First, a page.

Run on a platform that takes the best of the right and the best of the left, perhaps throw in something that is new. But adopt something too radical and no one will take them seriously.

What they really need to do is adopt a populist rhetoric around libertarian ideals. Denounce corporate welfare. Frame regulation as monopoly enhancing. Create villains that can be rallied around. But that isn't every going to happen because most LPers are nutjobs.

Monday, August 10, 2009

Saving Money on Obamacare is a Pipe Dream

If you want to know why Obamacare will never reduce spending on healthcare you don’t have to look any farther than California.

Medi-Cal doctors, meanwhile, this year have managed to roll back a $1.1-billion cut in their reimbursements. A federal appeals court declared illegal a 10% cut in what physicians are paid by Medi-Cal, the government healthcare program for the poor, that was implemented in July 2008. The court ruled the cut would drive doctors out of the program, endangering the ability of patients to get care and thereby violating minimum federal standards for the program.

Once the government gets involved decisions aren’t made on the basis of common sense, logic or even what is best for Everyone (whoever that person is).

Decisions are based on politics and the temperament of the bureaucrat or judge that is sitting on the other side of the bench (or 40 page form or the impersonal telephone line).

I can’t wait.

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Friday, August 07, 2009

Missing the Point

I think that Ezra is missing the point.

The likelier outcome, I think, is that Congress will dismantle the filibuster when it realizes that the filibuster is making it less relevant. If you look back at the financial crisis, the lead response came from the Federal Reserve, because everyone understood that Congress couldn’t move quickly enough. If you look at global warming, there’s considerable pessimism that the Senate will be able to pass cap-and-trade, and many expect the Environmental Protection Agency to simply embark on its own campaign to regulate carbon emissions. If you look at health care, ideas like the Federal Health Board or the Independent Medicare Advisory Committee are an explicit effort to entrust the continual process of health-care reform to a more agile body than the Congress.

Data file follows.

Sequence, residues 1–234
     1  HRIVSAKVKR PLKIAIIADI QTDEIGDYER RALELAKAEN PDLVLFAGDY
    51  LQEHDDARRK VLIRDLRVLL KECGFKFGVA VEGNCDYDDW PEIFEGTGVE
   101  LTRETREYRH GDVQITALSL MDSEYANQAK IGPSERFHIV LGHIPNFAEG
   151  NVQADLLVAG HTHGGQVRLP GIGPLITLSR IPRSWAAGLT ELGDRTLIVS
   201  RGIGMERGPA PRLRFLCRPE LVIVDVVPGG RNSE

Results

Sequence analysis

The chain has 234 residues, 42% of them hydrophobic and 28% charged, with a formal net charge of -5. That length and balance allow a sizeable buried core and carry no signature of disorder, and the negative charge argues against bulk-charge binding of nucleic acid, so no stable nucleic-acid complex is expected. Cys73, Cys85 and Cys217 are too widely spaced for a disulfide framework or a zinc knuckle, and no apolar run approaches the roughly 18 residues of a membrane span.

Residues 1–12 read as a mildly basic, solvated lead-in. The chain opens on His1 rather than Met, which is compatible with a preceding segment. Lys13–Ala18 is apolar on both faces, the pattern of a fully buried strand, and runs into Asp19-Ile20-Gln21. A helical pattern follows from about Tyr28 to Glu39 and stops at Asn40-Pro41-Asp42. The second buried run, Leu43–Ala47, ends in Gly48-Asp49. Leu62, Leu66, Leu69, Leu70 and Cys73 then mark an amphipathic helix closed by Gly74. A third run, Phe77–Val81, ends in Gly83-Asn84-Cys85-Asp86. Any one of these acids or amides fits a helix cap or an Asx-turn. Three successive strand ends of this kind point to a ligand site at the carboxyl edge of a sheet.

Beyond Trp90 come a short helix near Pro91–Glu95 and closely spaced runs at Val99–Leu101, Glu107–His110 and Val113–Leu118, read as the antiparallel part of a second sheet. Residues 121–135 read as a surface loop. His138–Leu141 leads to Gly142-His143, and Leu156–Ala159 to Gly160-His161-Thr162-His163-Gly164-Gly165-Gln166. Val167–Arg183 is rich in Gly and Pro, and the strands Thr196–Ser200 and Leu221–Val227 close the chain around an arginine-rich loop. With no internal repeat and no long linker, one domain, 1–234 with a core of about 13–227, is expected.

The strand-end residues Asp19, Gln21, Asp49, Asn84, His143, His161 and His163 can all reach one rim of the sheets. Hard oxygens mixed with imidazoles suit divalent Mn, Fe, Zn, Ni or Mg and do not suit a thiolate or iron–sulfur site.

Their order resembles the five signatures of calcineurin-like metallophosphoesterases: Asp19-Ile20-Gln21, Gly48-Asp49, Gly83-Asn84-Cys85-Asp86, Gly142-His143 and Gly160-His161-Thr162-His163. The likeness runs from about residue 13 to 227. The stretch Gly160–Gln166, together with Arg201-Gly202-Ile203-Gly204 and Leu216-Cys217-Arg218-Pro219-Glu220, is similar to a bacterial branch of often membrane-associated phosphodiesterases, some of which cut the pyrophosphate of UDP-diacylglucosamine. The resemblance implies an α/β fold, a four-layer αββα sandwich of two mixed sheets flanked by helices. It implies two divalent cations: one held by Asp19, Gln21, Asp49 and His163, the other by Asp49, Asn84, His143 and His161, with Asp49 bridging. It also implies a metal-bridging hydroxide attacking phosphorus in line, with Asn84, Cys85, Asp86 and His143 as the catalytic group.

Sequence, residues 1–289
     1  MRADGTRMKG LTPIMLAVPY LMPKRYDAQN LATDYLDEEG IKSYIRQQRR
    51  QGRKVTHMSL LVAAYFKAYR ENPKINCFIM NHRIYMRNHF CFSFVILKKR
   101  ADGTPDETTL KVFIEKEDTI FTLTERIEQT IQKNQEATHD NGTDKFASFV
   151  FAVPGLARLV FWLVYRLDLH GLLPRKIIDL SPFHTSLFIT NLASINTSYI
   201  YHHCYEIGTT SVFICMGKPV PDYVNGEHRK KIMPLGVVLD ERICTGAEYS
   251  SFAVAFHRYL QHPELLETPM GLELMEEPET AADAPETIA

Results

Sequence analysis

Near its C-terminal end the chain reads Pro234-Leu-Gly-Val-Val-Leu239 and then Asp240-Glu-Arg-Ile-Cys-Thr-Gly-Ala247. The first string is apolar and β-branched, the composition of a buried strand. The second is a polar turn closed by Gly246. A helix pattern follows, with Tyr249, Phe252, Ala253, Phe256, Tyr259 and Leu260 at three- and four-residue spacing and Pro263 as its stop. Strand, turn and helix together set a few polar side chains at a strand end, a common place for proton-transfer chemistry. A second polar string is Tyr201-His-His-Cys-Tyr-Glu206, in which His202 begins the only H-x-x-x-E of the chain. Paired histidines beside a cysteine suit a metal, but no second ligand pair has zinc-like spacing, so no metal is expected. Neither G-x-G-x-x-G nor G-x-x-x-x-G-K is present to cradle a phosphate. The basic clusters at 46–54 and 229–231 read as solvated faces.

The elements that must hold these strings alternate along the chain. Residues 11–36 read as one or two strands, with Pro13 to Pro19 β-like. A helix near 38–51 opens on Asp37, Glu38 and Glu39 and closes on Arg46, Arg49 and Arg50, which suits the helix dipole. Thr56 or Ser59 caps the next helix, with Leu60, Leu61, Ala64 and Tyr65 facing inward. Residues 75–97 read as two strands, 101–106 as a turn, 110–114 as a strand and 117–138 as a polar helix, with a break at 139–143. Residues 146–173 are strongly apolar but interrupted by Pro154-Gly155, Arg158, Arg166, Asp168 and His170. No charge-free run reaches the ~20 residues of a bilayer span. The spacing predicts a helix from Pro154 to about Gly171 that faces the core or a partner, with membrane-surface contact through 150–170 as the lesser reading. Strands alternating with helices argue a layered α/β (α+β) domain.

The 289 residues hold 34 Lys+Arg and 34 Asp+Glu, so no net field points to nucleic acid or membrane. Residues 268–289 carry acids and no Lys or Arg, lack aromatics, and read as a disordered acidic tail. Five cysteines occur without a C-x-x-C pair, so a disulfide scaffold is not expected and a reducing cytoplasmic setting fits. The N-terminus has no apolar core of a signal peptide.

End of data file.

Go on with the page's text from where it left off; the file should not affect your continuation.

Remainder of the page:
The Senate loves the filibuster because it absolves them from actually doing anything.  When nothing gets done they are allowed to demonize the ‘evil opposition’ with the understanding that they have delegated the actual responsibility for policy making to the administration anyway.

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Thursday, August 06, 2009

Benefits of National Healthcare

I’m beginning to think that it may be better to just take the plunge and commit to a single payer plan.

The alternative seems to be to slowly chip away at anything resembling a market and with that quality slowly declines, prices slowly rise and people slowly become less satisfied.

While single payer won’t make everything go to shit overnight it will certainly happen faster than the slow erosion that we are currently experiencing.

Bite the bullet, jump off the cliff, make it worse so that it can get better.

If nothing else, at least I’ll know wtf is going to happen – the suspense is killing me.

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Tuesday, August 04, 2009

Opportunity of a Lifetime

You would think that this would be good news for someone.

Since Obama was inaugurated, not much has changed in the political party landscape at the state level — the Democratic Party continues to hold a solid advantage in party identification in most states and in the nation as a whole. While the size of the Democratic advantage at the national level shrunk in recent months, this has been due to an increase in independent identification rather than an increase in Republican support.

Most of the Big-L Libertarians are nutjobs - but isn't this a prime opportunity for some third party or independent?

I've never understood why someone hasn't been able to cash in on the "all politicians are the same" sentiment.  Maybe I’ll start the None-Of-The-Above Party.